This is an AMAZING article that I really wish had been written when I was healing from my own heartbreak and dealing with abandonment issues. As someone who had never experienced abandonment before, I had no idea how traumatic it is and how incredibly painful! It took so much longer than I could have ever imagined and I suffered horrible withdrawals. Thankfully those days are behind me (except for a drunk dial I committed 2 weeks ago, we have had no contact.) My husband and I are getting closer every day and I am happier and more content than I have been in years.
How To Heal From Heartbreak & Conquer Your Fear Of Abandonment
“How could he just disappear like that? He promised to marry me,” my client said, as she wiped her tears. Most of us are familiar with betrayal. Partners, friends, and even family members can make a commitment and then disappear.
I had a very close, longtime friend, and eventually our relationship extended into work. I became part of her business team. She constantly made commitments and broke them on a whim. I often ignored it, justifying that maybe she was keeping the bigger picture in mind.
One day, our work relationship ended, with no warning on my end. I confronted her about the broken commitments. She insisted it was all in my head and continued to assure me that she would be there as a friend, no matter what. And then she stopped responding.
When people with whom we share a deep bond with disappear, the immediate reaction is confusion and doubt. We start questioning where we went wrong and whether we should continue to pursue the relationship. Left unexplored, these thoughts can fester into anger, depression, and resentment in the long run.
But it doesn’t have to be this way. Here are the strategies I’ve learned to employ when someone I care about pulls a disappearing act.
1. Don’t take it personally.
While relating this story to another friend, she laughed and said, “You, too?” That got me out of my head, reminding me this happens to everyone. Rejection hurts, but it often has nothing to do with our how worthy of love we are. People’s behavior is a reflection of their own beliefs, values, feelings, and thought patterns. When we personalize their behavior, we start to spiral into self-blame and unworthiness. Viewing it as a choice made independently of your behavior or nature allows you to address it from an objective perspective.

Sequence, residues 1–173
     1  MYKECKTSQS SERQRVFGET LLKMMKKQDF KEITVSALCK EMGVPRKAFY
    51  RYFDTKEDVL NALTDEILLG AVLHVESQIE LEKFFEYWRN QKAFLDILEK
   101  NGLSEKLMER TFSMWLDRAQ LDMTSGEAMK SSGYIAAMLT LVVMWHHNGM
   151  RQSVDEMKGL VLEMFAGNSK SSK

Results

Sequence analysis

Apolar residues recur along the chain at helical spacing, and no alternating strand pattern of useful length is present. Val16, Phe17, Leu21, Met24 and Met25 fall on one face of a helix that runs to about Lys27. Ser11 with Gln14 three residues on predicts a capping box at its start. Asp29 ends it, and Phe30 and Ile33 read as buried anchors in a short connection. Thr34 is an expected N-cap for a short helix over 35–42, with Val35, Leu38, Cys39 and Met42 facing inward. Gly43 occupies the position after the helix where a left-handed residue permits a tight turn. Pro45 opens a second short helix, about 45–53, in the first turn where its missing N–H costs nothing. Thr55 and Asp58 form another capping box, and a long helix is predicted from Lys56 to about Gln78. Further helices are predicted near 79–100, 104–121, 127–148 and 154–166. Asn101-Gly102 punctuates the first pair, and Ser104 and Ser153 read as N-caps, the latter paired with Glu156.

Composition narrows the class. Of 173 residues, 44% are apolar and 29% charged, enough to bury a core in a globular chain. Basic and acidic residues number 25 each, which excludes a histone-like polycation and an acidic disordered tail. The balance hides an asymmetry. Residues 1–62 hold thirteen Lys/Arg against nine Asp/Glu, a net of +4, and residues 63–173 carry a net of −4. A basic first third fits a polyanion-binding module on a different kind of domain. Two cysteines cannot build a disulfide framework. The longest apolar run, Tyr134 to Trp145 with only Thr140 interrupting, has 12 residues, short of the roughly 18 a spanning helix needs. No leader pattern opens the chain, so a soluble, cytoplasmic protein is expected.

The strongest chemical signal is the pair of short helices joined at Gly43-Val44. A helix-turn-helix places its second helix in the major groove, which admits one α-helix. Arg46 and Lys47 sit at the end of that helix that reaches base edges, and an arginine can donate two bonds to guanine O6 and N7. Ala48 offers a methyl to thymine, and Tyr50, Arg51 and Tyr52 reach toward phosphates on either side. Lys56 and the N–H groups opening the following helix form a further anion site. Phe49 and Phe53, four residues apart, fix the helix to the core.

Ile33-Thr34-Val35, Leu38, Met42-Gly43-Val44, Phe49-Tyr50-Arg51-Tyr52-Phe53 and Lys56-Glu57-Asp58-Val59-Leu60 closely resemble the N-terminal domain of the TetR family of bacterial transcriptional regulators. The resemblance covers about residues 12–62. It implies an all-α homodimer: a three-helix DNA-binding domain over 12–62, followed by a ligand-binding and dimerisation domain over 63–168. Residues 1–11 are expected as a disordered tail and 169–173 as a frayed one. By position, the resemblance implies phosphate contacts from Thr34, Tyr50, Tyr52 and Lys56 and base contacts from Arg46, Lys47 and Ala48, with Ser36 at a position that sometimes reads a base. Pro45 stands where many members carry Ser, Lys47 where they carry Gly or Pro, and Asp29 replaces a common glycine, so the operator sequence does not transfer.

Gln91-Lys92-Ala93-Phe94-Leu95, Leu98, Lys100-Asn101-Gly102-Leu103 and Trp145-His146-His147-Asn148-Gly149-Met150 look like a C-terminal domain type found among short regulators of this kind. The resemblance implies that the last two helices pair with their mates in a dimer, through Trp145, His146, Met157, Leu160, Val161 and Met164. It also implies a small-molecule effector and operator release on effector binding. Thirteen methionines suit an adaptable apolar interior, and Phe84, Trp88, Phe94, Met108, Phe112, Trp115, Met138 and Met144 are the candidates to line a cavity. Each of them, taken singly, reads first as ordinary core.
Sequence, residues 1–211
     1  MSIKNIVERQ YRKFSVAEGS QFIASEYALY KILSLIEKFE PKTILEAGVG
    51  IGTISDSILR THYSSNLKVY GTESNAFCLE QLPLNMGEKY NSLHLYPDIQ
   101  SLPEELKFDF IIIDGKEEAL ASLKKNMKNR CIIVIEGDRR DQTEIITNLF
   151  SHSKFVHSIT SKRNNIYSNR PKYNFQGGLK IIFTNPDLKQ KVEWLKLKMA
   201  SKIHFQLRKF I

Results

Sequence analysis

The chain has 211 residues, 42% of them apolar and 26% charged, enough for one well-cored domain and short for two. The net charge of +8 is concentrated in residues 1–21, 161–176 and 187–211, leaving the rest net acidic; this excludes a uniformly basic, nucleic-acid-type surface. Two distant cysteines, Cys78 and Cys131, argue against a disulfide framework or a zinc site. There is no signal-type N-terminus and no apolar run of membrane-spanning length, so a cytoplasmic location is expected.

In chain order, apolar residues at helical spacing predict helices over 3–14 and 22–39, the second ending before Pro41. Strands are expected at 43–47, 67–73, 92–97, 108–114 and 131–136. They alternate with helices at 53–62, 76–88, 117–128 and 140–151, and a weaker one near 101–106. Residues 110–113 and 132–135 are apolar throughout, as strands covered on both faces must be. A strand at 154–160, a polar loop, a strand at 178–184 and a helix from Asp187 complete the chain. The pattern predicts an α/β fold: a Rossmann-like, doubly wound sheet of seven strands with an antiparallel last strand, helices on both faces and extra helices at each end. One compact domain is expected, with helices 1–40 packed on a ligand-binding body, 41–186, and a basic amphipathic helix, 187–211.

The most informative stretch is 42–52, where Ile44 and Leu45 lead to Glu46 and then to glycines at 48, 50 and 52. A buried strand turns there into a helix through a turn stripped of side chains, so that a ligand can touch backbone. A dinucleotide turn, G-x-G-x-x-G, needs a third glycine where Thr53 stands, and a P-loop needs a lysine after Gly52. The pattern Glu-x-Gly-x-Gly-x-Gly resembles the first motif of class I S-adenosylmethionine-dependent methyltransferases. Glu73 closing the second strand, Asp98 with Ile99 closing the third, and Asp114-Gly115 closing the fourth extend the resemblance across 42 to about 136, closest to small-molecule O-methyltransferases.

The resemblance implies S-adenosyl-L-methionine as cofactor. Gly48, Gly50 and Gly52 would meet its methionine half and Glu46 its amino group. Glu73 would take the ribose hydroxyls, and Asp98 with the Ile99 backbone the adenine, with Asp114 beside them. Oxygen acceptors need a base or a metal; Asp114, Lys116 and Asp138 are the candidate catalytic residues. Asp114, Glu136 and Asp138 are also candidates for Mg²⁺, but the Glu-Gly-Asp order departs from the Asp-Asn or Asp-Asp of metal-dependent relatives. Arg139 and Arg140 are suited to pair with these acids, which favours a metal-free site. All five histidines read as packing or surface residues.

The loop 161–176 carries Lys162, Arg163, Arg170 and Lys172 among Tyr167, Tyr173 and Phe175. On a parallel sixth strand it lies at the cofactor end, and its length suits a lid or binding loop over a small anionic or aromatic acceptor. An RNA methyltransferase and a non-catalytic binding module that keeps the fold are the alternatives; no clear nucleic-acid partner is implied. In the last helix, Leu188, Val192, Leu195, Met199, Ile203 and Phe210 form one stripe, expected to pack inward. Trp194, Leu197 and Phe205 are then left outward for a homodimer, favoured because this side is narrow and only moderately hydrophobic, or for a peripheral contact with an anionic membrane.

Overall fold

2. Avoid the impulse to start thinking of them as “other.”
It’s very natural to want to develop a sense of otherness from people in your life. It’s differentiating them from you. But when we actively separate ourselves from people as a response to pain they’ve caused, we sacrifice our empathy for them. We can no longer relate to them.
On the other hand, identifying similarities between ourselves and others, we reconnect to our shared humanity. The Buddhist Loving-Kindness Meditationinvolves sending goodwill to ourselves and all those who have hurt us. As I began to practice this, saying “just like me, you want love,” I found a space where I could identify with and feel compassion for both myself and my friend.
3. Take responsibility.
Brené Brown said, “Love and belonging are irreducible needs of all men, women, and children. We’re hardwired for connection — it’s what gives purpose and meaning to our lives.” This very need is often ignored when we blame others and shrug off our own culpability.
Deep down, we just want love, and we get so afraid of losing that person that we ignore the reality of the situation. By owning what we did or did not do, we share the responsibility of creating that reality. This empowers us to make better choices in the future rather than just being a victim of someone else’s choices……
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